A bony enlargement that occurs on the back of the heel is known as Haglund’s Deformity. As this bony enlargement rubs against shoes, irritation of the soft tissue located near the Achilles tendon becomes inevitable. This then leads to an inflammation of the bursa, also known as a fluid-filled sac found in between the tendon and the bone.

What is Haglund’s Deformity?

Haglund’s deformity is a condition that is associated with soft tissues and the foot bone. When the bony section of your heel is enlarged due to other factors, this condition is triggered. When one wears rigid shoes and the bony lump rubs against them, the soft tissues around the ankle get irritated. This mostly leads to bursitis. There is a fluid-filled sack between each bone and tendon which helps to absorb shock. Bursitis is a condition that follows the inflammation of these sacks.

Calcium may build up in the heel bone if it becomes inflamed. This accumulation increases the size of the bump and pain.

Haglund’s deformity is most prevalent among people who wear closed-heel and stiff shoes.

Causes of Haglund’s Deformity

Frequent pressure at the back of your heel is the most common cause of this deformity. Tight and stiff shoes may also cause this condition. Since it is common among ladies who wear pump-style high heeled shoes, it may also be called ‘pump bump.’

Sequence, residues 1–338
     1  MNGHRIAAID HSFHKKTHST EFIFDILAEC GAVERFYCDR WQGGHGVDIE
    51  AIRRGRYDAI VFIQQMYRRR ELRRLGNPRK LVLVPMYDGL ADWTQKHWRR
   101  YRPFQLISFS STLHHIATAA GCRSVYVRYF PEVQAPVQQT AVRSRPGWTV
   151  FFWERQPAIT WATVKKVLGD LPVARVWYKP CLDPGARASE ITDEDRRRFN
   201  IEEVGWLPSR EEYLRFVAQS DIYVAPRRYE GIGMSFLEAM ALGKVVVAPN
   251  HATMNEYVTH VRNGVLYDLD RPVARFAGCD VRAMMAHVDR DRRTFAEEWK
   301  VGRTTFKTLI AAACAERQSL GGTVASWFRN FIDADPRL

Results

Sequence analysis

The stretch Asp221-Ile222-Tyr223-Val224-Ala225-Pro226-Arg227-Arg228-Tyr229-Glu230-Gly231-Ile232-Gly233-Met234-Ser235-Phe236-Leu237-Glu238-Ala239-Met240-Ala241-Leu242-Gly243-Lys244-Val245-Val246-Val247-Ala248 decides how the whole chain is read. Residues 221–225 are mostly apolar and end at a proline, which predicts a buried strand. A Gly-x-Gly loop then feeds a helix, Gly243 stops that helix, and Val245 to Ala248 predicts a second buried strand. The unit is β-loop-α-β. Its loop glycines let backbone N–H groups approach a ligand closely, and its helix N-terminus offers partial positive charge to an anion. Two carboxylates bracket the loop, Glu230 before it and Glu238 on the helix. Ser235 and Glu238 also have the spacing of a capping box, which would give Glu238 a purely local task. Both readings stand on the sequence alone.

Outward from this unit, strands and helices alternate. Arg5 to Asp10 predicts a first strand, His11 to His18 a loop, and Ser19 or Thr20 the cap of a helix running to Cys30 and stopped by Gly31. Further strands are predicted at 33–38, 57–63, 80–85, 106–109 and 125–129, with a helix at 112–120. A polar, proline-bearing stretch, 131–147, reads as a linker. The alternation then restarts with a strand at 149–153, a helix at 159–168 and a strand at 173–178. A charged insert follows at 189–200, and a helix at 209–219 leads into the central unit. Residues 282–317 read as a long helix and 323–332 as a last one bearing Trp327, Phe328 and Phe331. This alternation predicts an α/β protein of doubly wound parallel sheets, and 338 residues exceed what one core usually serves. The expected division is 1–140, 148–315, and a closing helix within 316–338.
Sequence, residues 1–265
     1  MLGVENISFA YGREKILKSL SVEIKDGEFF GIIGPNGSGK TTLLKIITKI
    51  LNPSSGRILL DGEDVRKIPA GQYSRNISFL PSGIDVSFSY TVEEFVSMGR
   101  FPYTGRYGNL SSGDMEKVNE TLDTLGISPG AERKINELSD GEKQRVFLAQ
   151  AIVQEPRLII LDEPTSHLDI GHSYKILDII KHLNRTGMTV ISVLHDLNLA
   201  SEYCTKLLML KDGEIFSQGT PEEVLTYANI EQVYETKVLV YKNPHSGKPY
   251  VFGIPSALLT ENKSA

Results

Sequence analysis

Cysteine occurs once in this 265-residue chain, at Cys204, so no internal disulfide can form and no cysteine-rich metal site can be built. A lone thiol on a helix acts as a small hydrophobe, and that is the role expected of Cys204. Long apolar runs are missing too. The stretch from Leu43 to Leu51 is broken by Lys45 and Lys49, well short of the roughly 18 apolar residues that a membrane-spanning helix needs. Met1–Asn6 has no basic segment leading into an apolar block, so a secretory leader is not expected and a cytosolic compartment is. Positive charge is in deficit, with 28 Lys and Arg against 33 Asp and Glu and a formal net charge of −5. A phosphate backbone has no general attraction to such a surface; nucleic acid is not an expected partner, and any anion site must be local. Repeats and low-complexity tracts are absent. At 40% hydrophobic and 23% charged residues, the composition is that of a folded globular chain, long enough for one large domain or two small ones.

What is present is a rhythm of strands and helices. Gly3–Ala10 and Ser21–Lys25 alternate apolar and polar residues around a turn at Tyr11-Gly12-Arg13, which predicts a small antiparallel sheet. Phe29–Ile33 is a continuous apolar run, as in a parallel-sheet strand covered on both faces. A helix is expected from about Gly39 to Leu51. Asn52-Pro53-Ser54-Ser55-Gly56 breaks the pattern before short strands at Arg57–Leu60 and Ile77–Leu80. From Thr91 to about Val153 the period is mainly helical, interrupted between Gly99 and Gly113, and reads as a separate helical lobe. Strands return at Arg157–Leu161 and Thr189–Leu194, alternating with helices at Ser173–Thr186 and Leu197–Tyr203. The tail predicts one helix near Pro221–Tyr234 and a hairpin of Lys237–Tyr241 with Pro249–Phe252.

People who have a high arch, tight Achilles tendon, or those who walk on the outside of their heel are also prone to this condition.

Heredity also plays a role in getting this deformity. The undesirable features that are inherited include:

  • High-arched feet.
  • Tight Achilles tendons.
  • Walking on the outer part of your heel.

Symptoms of Haglund’s Deformity

This deformity can either occur in one or both feet. Its symptoms may include:

  • Redness around the affected tissue.
  • Swelling on the back side of the heel.
  • A bump that is noticeable behind the heel.
  • Pain on the area where the heel and Achilles tendon attach.

To help prevent a recurrence of Haglund’s Deformity:

  • wear appropriate shoes and avoid shoes which are rigid at the back.
  • Use orthotics and arch supports.
  • Do stretching exercises and avoid activity on hard surfaces or up-hill running.
  • Contact us on 03 9077 5915 for further assessment and treatment.